Harry Salavantis, owner of Majestic Lunch, dies at 71

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Bob Kalinowski, The Citizens' Voice, Wilkes-Barre, Pa.
·2 min read
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Mar. 30—Harry Salavantis co-owned a world-famous race horse, but he was better known locally for owning a Pittston City diner, the Majestic Lunch.

Salavantis, of Kingston Twp., died Friday from complications of COVID-19. He was 71.

Pittston Mayor Michael Lombardo said the diner was a legendary establishment.

"It's one of the best kept secrets in Northeastern Pennsylvania. It's a throw back in time. It's one of those iconic things. Every city should have one," Lombardo said. "They have an old price board on the wall. I think hamburgers were a quarter. Their chili dogs are the best in the world and I've sampled chili dogs all over the world."

Salavantis's obituary says he "moved to the Pittston area in 1954 after Harry was kidnapped by a man posing as an uncle and was soon found in a nearby park."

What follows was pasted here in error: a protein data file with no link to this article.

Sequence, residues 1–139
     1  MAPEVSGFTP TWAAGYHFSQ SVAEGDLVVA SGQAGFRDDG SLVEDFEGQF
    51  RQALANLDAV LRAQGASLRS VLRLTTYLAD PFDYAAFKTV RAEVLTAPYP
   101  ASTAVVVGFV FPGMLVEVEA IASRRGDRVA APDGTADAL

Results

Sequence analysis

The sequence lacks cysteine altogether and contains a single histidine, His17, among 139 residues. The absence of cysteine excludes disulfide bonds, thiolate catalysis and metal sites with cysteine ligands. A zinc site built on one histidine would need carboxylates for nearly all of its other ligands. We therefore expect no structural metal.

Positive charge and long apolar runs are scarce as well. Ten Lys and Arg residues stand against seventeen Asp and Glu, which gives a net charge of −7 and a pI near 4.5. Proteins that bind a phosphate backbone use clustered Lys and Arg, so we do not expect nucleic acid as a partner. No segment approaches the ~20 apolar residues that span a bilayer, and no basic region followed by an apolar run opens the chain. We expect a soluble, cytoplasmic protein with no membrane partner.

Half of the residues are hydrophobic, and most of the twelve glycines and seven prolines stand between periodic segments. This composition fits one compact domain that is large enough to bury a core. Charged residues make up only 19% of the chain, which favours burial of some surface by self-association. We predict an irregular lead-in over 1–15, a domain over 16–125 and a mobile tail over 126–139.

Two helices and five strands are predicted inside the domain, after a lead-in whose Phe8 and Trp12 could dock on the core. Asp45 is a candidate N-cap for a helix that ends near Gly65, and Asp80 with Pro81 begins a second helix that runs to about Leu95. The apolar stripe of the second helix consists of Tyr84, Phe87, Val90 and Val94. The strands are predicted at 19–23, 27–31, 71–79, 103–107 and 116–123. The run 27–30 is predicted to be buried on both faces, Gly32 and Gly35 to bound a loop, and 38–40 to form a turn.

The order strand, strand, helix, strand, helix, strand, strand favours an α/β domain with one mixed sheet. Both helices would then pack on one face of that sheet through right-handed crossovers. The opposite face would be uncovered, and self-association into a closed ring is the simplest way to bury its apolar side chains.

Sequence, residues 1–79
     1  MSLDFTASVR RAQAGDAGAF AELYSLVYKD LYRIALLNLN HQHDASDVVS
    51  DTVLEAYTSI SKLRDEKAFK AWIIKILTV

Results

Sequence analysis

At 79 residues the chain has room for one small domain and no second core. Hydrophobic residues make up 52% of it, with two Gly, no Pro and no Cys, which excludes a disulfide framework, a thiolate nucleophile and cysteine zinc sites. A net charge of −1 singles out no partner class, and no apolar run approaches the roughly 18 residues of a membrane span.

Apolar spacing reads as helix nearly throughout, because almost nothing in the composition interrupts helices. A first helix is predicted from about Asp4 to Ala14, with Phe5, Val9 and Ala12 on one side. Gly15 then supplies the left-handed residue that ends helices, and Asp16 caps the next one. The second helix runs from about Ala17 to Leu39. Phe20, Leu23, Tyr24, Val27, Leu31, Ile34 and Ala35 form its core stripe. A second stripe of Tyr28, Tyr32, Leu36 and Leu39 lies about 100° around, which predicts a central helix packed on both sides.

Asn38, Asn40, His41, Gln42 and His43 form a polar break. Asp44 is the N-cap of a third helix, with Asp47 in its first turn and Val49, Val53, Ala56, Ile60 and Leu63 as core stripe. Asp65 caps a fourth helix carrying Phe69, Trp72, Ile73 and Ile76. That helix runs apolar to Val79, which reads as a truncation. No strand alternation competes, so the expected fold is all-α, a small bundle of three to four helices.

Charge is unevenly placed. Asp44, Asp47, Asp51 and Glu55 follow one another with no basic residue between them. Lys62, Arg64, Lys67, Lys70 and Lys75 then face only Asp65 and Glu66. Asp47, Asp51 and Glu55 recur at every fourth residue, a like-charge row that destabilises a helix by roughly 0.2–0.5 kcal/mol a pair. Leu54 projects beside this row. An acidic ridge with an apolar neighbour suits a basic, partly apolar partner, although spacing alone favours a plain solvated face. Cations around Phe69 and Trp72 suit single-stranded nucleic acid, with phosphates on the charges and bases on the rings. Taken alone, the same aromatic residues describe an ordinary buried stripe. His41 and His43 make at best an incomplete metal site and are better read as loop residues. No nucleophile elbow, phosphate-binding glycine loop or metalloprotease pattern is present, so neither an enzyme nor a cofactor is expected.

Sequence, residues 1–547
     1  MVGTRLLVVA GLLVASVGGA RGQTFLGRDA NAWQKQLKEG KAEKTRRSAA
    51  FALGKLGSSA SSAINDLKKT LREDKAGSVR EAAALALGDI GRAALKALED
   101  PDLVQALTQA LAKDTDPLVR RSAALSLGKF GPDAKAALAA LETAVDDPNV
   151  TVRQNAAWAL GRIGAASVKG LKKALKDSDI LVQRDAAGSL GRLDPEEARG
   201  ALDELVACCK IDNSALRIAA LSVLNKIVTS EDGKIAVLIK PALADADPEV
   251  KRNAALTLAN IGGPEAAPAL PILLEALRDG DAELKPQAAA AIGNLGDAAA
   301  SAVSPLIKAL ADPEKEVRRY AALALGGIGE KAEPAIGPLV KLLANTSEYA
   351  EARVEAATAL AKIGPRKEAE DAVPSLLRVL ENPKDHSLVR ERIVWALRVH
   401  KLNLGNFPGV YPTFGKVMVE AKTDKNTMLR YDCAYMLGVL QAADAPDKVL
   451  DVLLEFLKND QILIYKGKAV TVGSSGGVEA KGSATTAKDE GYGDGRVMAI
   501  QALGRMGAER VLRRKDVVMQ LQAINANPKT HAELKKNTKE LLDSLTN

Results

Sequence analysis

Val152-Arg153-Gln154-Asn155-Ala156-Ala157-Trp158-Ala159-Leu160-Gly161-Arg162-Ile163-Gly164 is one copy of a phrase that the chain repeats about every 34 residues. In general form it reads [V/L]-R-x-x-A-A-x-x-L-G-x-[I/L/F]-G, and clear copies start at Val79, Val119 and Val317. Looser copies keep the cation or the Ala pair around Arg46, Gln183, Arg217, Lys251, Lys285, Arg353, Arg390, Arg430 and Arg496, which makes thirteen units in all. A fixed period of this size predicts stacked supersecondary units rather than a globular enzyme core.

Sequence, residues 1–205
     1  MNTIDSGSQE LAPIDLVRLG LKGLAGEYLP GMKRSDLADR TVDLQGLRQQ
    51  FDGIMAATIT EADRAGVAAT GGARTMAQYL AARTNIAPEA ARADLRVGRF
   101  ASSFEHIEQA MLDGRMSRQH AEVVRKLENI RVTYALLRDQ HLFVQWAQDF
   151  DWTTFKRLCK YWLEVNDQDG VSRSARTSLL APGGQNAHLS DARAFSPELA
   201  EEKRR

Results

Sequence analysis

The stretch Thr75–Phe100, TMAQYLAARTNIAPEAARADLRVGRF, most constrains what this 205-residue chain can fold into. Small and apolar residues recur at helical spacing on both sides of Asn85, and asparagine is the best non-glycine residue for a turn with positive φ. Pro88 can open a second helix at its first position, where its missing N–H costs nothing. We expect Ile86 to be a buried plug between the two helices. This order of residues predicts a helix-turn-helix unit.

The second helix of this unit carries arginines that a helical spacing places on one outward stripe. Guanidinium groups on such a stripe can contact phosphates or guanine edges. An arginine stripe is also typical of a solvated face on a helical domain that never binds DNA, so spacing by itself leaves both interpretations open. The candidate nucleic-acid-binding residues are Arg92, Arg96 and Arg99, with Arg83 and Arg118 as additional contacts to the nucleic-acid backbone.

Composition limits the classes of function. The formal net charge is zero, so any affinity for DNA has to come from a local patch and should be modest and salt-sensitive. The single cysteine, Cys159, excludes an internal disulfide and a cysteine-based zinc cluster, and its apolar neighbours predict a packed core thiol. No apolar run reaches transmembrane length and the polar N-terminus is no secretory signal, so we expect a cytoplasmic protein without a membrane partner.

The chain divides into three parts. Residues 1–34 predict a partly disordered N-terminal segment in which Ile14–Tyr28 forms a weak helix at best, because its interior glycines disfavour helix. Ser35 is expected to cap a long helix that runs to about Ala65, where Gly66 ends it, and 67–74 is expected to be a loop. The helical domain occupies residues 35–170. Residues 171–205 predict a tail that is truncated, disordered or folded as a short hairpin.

It's a story some of the closest Salavantis family friends say they were never told.

Salavantis "learned from his parents the ideals of family and hard work that impacted the rest of his life, ideals he passed on to his own family and friends throughout the years," his obituary says.

Harry Salavantis was among the Northeast Pennsylvania owners of the race horse "Tiz the Law," which won the Belmont Stakes in 2020, one of the three Triple Crown races.

Luzerne County District Attorney Sam Sanguedolce said he had lunch with Salavantis three weeks ago.

Harry Salavantis is the father of Sanguedolce's predecessor, former Luzerne County District Attorney Stefanie Salavantis.

Sangueodolce said Harry Salavantis, who also was a real estate developer and owner of the popular gas station, "It's A Life Saver" in Shavertown, was a very successful businessman but a private guy.

He became notable after helping fund his daughter's campaign for district attorney in 2011 — a move that was successful after her upset win at age 29.

"He always said, 'What a better investment to make than to make an investment in my daughter,'" Sanguedolce said. "It was a very successful investment."

Pennsylvania Superior Court President Judge Emeritus Correale Stevens, a former Luzerne County district attorney, said Harry Salavantis was "full of life" and always was "respectful and courteous."

"My heart goes out to Stefanie and her family," Stevens said. "She has a new baby and she's running for higher office. My heart goes out to her."

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570-821-2055; @cvbobkal